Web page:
IOP for Methadone Addiction
Is intensive outpatient necessary for methadone?
Methadone and its effects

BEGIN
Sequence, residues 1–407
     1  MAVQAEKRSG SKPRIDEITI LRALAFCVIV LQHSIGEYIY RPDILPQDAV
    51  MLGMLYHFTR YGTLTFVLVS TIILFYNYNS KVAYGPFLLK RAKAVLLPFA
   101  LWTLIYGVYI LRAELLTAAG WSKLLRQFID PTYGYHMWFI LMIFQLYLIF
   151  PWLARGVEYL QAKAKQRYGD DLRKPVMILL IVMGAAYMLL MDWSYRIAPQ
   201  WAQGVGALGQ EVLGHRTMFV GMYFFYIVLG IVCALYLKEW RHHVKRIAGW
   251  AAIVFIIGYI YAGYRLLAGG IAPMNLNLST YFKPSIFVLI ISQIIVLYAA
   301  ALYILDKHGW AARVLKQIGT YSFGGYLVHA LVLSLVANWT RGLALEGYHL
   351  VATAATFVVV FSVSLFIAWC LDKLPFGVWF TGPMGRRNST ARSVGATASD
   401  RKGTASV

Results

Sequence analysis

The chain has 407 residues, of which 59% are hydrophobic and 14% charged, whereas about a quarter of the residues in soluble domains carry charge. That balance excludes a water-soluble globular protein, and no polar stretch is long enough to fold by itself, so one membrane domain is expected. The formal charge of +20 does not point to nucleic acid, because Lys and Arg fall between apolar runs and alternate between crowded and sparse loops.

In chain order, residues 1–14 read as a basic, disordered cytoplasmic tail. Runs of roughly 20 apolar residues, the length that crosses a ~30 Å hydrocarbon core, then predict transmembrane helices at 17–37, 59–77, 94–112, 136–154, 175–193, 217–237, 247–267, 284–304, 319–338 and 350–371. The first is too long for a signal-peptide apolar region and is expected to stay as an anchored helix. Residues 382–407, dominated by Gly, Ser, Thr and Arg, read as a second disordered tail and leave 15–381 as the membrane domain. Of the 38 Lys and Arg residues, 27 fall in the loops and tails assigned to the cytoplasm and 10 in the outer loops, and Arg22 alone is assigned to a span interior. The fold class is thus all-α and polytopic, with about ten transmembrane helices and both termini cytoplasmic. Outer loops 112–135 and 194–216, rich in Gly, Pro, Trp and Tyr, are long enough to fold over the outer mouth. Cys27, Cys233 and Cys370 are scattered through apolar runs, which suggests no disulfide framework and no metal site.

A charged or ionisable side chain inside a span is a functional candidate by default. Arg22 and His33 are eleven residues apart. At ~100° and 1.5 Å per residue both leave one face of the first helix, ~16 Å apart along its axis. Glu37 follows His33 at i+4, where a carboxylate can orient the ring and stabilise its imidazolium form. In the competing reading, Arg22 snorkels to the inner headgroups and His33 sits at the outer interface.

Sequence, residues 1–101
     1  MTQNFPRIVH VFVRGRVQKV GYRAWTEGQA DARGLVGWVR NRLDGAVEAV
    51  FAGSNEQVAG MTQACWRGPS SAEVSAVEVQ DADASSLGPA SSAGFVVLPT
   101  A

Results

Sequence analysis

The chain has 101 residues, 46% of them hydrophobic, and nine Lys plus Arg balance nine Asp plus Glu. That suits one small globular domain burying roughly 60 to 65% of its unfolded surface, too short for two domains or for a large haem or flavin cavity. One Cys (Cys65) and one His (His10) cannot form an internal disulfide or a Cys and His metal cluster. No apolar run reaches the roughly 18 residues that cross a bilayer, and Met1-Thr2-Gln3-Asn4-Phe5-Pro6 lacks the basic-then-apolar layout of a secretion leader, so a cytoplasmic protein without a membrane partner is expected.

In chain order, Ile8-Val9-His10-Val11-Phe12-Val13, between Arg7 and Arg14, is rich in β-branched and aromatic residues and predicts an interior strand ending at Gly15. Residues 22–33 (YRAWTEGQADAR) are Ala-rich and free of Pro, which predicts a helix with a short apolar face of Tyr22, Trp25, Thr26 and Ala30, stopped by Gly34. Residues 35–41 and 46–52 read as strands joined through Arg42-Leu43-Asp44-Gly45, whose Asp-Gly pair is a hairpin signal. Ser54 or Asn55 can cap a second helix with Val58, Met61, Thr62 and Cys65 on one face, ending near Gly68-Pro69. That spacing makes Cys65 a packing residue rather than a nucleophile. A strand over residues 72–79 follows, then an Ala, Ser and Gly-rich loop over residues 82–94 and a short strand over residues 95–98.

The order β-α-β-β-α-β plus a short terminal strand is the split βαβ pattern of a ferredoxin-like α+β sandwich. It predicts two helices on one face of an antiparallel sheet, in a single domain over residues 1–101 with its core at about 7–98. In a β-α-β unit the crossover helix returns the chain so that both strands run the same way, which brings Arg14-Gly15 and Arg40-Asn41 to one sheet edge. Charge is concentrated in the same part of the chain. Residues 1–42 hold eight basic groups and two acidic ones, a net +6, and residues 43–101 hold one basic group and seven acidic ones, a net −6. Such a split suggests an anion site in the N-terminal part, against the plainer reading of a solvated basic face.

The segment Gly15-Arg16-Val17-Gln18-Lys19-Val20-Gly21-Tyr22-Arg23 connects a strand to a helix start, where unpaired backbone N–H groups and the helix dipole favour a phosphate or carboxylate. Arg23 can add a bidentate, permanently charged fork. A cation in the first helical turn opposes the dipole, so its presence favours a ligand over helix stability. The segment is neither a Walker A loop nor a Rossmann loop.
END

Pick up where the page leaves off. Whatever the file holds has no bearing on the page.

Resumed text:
Those who are familiar with methadone might know it as a drug that usually gives people freedom from addiction rather than putting them at risk of chemical dependency. While methadone maintenance programs have given countless individuals a second chance at life, methadone remains a highly addictive substance with a high potential for abuse. That’s why Serene Beginnings offers an intensive outpatient program for methadone addiction; in spite of its successful use in replacement therapy programs around the world, there are many people currently suffering from methadone addiction, so it’s important to be knowledgeable about this drug, its uses, and how it can be treated effectively with our intensive outpatient program. While there are many drugs that have proven to be prone to addiction, recent years have seen opioids become some of the most problematic. The so-called heroin or opioid “epidemic” is often traced to the release — and subsequent widespread abuse — of OxyContin, which is a powerful prescription painkiller that is still one of the most potent of all opioid substances. As changes in healthcare practices and laws attempted to make OxyContin and similar drugs harder for substance abusers to obtain, many drug users switched to heroin, a more readily-available drug that also happened to be both cheaper and more powerful than OxyContin. With so many people becoming addicted to opioid drugs like heroin and pharmaceutical painkillers, we tried to find new and innovative ways of combating opioid addiction; this led to methadone and the availability of methadone maintenance programs. Once a person becomes addicted to an opioid, he or she will experience withdrawal symptoms whenever opioids are unavailable. As such, the threat of withdrawal is one of the biggest motivators of continued substance abuse, making those addicted to opioids more likely to continue using opioid drugs since they want to avoid the experience of withdrawal. With a substance like methadone, however, individuals can end their dependence on opioids — while putting a stop to many of the self-destructive behaviors that are often fueled by the desire to obtain and use drugs — by basically replacing their use of street opioids with the supervised and highly regulated use of methadone. Methadone is characterized as an opioid analgesic, meaning that the drug binds to pain receptors in the brain in much the same way as heroin, morphine, OxyContin, and other prescription painkillers; however, methadone isn’t associated with the feelings of euphoria and pleasure that often drive opioid abuse. When taken at a very calculated dosage, methadone can put an individual in a sort of stasis; essentially, the person isn’t forced to continue using opioids to keep withdrawal symptoms at bay because he or she takes a specific dose of methadone each day. Of course, the use of methadone for this purpose is controversial with many opponents referring to methadone maintenance as simply replacing one drug with another since individuals in methadone maintenance programs are technically still opioid dependent. Further, between the use of methadone as an actual pain medication and the availability of methadone maintenance programs, there’s still a substantial amount of methadone that’s diverted to substance abusers who end up abusing methadone in a similar manner to heroin and OxyContin. In other words, despite its potential for rehabilitation, methadone is still a dangerous and highly addicted opioid.